The only exception was in the case of the slowly-maturing Cheviot and mountain breeds, for which the second class was for wether sheep of any age above twelve months.
It breeds from four to eight times a year, bringing forth each time from three to eight young; its period of gestation is about thirty days, and it is able to bear when six months old.
For not only has the weight been more than quadrupled in some of the larger breeds, and the structure of the skull and other parts of the skeleton greatly altered, but the proportionate size of the brain has been reduced and the colour and texture of the fur altered in a remarkable manner.
The book was about all the different goat breeds and uses of the goat, beginning with a history of the goat.
Nevertheless the idea of the value of improving breeds is gaining ground.
One or other of these types is to be found in cats of almost all breeds, whether Persian, short-haired or Manx; and there appear to be no intermediate stages between them.
Of the origin of our domesticated breeds has not yet been determined.
That these long-haired cats have an ancestry, to some extent at any rate distinct from the ordinary short-haired breeds, is practically certain, and it has been suggested that they are derived from the "manul" cat, or Pallas's cat (Felis manul), of the deserts of central Asia, which is a long-haired and bushy-tailed species with comparatively slight striping.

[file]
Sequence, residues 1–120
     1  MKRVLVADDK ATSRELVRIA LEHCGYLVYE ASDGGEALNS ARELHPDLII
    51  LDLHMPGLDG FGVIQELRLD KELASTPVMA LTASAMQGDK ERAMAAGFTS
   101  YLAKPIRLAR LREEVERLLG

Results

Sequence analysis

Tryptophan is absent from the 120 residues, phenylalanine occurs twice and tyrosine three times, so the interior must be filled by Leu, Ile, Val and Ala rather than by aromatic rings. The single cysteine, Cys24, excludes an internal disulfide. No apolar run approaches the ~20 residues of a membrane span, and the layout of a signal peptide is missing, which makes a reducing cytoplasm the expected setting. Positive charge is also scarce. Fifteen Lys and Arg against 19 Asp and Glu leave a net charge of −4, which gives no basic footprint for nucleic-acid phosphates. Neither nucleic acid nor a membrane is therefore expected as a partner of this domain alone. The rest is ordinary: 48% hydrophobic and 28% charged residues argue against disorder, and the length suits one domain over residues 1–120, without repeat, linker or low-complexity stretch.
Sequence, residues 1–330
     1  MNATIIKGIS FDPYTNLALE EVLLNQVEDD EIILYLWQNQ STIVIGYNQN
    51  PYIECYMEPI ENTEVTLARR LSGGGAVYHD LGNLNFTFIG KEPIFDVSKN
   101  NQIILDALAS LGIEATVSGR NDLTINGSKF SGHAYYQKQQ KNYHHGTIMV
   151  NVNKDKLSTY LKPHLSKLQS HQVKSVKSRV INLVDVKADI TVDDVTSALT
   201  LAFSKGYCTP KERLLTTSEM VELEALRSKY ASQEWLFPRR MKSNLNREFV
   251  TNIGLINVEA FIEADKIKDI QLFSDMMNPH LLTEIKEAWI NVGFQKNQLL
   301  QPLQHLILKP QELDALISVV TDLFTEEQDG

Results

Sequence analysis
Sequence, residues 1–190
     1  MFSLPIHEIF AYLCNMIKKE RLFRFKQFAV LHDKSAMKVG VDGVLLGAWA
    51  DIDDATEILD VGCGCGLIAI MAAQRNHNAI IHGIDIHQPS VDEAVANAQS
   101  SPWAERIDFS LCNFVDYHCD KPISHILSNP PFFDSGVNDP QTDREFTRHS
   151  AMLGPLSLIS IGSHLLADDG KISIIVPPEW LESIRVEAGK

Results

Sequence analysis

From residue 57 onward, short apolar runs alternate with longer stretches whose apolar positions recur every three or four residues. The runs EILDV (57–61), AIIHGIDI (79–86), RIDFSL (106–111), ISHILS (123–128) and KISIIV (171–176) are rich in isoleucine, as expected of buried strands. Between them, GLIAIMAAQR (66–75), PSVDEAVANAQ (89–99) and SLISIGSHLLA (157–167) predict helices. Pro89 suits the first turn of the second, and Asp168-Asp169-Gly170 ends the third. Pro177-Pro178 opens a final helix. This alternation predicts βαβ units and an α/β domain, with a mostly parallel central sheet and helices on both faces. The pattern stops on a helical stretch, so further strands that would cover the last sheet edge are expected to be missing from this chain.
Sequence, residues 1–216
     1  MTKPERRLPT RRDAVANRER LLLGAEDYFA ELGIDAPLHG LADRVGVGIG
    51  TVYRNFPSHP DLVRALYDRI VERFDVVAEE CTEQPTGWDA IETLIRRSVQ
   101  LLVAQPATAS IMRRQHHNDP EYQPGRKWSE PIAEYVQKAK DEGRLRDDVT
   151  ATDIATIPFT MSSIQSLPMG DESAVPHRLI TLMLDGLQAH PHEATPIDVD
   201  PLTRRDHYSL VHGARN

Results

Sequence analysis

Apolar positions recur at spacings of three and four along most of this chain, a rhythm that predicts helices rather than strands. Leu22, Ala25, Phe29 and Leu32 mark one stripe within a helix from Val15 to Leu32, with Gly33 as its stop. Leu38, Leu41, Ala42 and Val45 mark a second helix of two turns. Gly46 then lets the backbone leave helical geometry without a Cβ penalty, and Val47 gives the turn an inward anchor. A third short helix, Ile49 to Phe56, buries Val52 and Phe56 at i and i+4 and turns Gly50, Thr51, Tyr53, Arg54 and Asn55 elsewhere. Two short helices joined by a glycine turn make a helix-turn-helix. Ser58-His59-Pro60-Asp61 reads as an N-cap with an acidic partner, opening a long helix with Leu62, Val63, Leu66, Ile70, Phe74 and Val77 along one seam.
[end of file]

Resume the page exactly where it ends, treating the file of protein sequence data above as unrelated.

The fact that in tabby Persians the body-markings are never so strong as in the short-haired breeds is in some degree confirmatory of this, as suggesting descent from a nearly wholecoloured type.
At the present day, however, Persians exhibit nearly all the colour and pattern types of the short-haired breeds, the "orange Persian" representing the erythristic phase.
Although definite information on this point is required, it seems probable that the southern part of North America and South America possessed certain native domesticated breeds of cats previous to the European conquest of the country; and if this be so, it will be obvious that these breeds must be derived from indigenous wild species.
One of these breeds is the Paraguay cat, which when adult weighs only about three pounds, and is not more than a quarter the size of an ordinary cat.